Goa has well over 25 amazing beaches ranging from the full-of-life party destinations to the serene and peaceful ones. As a general assumption, the beaches of North Goa are considered to be more happening and lively than those of South Goa which are quieter and more secluded.
North Goa offers sprightly beaches like Baga, Calangute, Anjuna and Colva, that necklace the northern coastline with tons of shacks buzzing with life, serving lip-smacking delicacies from the Konkan cuisine with cocktails and mocktails to go along; Goa’s beaches make your holiday experience complete.
South Goa is rather mellow, with serene beaches like Arambol, Palolem and Galgibaga (famous as a nesting ground for Olive Ridley turtles) which are cut off from the world, but really worth paying a visit if you are looking for some peace and quiet.
This UNESCO World Heritage Site is a church, which is situated in Old Goa, and is an excellent example of Baroque architecture. Basilica of Bom Jesus was constructed in the year 1605 and is one of the most important destinations for Christian pilgrims from all over the world. One of the most important attractions here are the mortal remains of the missionary Saint Francis Xavier.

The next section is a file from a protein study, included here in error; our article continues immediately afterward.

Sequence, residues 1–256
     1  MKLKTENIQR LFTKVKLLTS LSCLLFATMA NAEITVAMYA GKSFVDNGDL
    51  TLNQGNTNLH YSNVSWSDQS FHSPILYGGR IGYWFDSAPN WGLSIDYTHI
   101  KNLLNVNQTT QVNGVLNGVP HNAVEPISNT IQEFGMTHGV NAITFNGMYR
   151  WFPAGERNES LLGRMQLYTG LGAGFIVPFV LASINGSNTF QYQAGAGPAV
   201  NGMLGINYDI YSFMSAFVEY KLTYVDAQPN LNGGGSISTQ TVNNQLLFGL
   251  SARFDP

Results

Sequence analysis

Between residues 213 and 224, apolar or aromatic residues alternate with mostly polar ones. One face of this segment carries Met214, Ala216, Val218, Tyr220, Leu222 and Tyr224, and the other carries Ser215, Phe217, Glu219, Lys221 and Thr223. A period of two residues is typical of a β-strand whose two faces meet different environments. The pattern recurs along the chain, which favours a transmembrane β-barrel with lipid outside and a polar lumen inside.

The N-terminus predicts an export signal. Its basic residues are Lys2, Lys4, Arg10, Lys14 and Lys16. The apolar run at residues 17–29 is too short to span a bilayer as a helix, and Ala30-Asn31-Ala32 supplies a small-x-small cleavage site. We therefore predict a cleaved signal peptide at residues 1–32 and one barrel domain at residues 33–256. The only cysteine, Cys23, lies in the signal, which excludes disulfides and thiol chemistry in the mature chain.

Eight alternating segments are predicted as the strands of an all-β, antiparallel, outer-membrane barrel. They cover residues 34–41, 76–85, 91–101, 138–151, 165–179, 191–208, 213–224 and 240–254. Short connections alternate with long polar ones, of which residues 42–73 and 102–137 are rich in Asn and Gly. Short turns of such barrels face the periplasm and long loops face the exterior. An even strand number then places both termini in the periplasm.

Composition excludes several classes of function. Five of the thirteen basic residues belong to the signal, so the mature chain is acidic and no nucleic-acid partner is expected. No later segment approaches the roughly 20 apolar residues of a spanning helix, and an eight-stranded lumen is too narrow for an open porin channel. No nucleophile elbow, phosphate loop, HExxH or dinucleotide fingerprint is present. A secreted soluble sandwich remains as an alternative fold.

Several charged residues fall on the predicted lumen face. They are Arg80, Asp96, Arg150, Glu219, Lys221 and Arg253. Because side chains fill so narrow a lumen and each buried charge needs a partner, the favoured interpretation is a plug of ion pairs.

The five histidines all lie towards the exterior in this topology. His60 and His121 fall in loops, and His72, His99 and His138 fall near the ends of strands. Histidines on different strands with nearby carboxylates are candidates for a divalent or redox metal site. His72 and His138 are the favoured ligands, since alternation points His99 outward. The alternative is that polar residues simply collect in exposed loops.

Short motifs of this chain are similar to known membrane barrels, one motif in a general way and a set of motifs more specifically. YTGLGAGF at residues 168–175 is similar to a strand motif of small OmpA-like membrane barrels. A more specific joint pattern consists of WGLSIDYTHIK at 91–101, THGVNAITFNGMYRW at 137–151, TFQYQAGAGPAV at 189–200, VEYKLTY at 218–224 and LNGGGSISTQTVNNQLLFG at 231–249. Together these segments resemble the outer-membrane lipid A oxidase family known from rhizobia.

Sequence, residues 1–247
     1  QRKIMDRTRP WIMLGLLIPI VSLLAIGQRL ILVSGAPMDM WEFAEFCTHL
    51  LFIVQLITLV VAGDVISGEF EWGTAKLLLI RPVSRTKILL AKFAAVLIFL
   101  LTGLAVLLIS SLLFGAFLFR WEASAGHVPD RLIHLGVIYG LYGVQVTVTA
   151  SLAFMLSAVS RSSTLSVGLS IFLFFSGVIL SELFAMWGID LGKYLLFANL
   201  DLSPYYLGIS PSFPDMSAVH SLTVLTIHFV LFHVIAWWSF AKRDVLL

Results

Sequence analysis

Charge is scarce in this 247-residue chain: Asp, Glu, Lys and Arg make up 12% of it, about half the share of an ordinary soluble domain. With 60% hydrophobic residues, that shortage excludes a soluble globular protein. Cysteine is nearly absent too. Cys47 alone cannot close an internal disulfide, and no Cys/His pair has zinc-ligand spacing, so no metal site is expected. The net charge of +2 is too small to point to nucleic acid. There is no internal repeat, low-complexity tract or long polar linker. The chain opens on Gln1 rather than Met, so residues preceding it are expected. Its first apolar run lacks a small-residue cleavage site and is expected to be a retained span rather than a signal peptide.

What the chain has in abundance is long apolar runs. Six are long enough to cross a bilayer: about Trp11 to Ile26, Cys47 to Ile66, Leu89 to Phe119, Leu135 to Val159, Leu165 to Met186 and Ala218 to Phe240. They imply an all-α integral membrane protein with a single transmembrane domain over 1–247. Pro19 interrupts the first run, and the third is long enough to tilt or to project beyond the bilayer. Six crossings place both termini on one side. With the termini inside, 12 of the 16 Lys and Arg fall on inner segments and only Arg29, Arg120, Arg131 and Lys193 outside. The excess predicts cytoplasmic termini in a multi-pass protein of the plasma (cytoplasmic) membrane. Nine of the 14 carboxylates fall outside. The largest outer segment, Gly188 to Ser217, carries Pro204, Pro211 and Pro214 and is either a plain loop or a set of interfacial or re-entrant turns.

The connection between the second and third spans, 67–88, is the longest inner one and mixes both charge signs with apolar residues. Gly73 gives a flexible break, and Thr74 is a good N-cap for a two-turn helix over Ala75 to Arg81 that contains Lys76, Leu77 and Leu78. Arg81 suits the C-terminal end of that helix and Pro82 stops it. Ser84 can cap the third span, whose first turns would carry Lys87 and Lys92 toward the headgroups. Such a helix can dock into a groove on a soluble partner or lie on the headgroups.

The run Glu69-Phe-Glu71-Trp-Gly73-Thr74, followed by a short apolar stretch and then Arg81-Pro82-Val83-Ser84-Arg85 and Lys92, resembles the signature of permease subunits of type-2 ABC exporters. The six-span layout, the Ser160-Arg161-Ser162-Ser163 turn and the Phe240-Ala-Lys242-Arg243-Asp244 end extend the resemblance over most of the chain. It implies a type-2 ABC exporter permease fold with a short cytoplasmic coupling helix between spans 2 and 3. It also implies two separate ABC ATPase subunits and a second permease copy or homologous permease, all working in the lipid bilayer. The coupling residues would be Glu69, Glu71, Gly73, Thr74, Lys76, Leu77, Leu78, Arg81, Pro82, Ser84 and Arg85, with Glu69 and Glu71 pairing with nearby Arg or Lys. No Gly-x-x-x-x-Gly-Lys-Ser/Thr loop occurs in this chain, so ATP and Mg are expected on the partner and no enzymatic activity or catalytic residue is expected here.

Sunday: 10.30 am to 6.30 pm
Weekdays: 9.00 am to 6.30 pm
Masses: Sundays 8.00 am & 9.15 am
Weekdays: 7.00 am & 8.00 am
This majestic fort perched over the Sinquerim beach is an architectural marvel of the 17th century, which was constructed by the Portuguese in order to defend their land from the Marathas and the British. Offering breathtaking views of the Arabian Sea, a walk through the fort to the lighthouse located on top is a must while touring Goa. The lower portion of Fort Aguada has now been converted in to a beach resort.
10:00 am - 5:30 pm, Last Entry at 5:00 pm
The Church of St. Francis of Assisi is a heritage construction, which was built in the year 1660 by the Portuguese as a chapel, and was later given the status of a church. Now a part of Old Goa, the church boasts of impressive architecture, and has some remarkable sculptures and paintings within its complex.
7.30 am - 6.30 pm
Chapora Fort first got noticed in the movie Dil Chahta Hai. This ancient fort in North Goa offers splendid views of the adjoining Vagator beach and overlooks the Arabian Sea from all angles. The fort is located on top of a hillock with slopes on all sides, and though it is almost in ruins now, it doesn’t stop visitors from standing where Bollywood stars once did!
One of India’s most splendid waterfalls, Dudhsagar Falls are located approximately 60 kilometres away from Panjim. This multi-tiered waterfall gushes down milky white waters from a height of 310 metres, making it India’s fifth-highest waterfall. The site, nestled in a completely natural habitat is a pleasure to witness and one can even enjoy some swimming or rock climbing here. An easy way to reach Dudhsagar is to hire a jeep from Castle Rock or the nearby village, which will guide you through the forests to the falls.
A military museum, the Naval Aviation Museum houses exhibits which portray the evolution of the Indian Navy over the years. The museum is divided into an indoor exhibit and an indoor gallery divided over two floors.